If you play like an elite goalie, you're going to get paid like one. In Tuukka Rask's case, you're going to get paid like the most elite of your netminding brethren.
The Bruins announced they inked the 26-year-old goaltender to an eight-year, $56 million contract Wednesday. With a $7 million cap hit, that means no team has a goalie on the books for more coin than No. 40 in Black and Gold. He and Pekka Rinne now share the distinction of being the highest-paid players at their position.
Last summer, Rask set out to prove his worthiness by inking a one-year contract, confident he'd be able to parlay a strong season into a big-time contract like the one he just received. He went 19-10-5 during the regular season with a 2.00 goals-against average and .929 save percentage.
Rask was arguably the best goaltender during the playoffs. He backstopped Boston to within two victories of the Stanley Cup, all while posting an impressive 1.88 goals-against average and lights-out .940 save percentage.
While there are plenty of reasons to rejoice over the B's locking up Rask as he enters the prime of his NHL career, there are certainly reasons for concern.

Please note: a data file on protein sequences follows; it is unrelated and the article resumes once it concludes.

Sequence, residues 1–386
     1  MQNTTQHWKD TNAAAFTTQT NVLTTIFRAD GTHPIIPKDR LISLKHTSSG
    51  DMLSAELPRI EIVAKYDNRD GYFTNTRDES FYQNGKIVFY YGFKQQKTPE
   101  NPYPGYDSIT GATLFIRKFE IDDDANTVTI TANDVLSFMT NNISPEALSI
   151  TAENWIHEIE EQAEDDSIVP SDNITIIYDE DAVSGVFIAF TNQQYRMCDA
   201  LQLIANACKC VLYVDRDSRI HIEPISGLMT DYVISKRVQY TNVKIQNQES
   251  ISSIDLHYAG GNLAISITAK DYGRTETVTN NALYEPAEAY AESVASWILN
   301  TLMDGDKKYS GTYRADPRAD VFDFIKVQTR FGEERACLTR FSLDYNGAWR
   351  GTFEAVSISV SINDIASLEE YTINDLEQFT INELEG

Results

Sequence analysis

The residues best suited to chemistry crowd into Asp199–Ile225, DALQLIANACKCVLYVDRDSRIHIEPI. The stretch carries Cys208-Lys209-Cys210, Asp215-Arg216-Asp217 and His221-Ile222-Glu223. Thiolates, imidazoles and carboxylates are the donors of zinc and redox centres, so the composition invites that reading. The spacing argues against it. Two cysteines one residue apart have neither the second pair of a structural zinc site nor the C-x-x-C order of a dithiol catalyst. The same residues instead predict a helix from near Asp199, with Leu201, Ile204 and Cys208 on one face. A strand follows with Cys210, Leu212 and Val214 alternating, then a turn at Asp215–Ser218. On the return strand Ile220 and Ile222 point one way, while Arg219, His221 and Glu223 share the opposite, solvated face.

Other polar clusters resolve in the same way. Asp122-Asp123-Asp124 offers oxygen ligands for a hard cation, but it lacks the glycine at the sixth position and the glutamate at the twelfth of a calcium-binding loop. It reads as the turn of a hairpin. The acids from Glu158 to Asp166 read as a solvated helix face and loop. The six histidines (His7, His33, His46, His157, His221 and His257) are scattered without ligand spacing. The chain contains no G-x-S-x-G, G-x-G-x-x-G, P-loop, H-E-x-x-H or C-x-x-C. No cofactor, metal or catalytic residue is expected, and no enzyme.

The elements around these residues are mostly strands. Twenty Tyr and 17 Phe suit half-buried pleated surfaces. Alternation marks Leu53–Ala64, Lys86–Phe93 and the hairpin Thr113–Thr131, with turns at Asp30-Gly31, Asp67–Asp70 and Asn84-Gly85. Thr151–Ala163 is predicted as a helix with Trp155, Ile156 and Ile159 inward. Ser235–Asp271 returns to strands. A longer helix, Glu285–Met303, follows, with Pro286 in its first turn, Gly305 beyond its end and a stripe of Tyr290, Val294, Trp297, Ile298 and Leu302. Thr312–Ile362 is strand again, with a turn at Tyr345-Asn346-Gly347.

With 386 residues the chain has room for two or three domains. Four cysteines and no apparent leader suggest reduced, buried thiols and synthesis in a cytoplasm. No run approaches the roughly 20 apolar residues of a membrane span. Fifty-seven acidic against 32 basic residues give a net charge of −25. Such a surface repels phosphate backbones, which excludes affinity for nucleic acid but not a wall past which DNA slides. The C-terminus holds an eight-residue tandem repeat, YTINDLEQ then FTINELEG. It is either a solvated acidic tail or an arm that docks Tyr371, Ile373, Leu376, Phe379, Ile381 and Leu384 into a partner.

Eight years is a long time. A really long time. Rask has had injury troubles in the past, and there's also the fact that he's never started more than 40 games in a season to consider.
Seven million bucks ain't chump change, either. It's pretty clear that there's rarely such a thing as a "hometown discount" when it comes to the Bruins re-signing their own players. It's also apparent that the Bruins have no trouble throwing a lot of money at a player after a breakout year in their young career (with Tyler Seguin serving as a great recent example).
Rask did have that dynamite rookie year in 2009-10, and you can't take anything away from what he did in 2013 -- from opening night, through the Eastern Conference playoffs and up until the B's gut-wrenching defeat with their second Cup in three years within reach.
The fact the Bruins have a goalie like Rask to be their backbone for a number of future Cup runs is something a number of other NHL teams envy, so it's safe to say that making sure a player of that caliber remains in the fold is huge. But, part of me thinks -- even though his contract will probably start looking like a steal a few seasons from now -- it might've been a slight pinch too much and too long for a goalie that's shown a helluva lot, but whose resume doesn't include carrying a team during a full 82-game season just yet.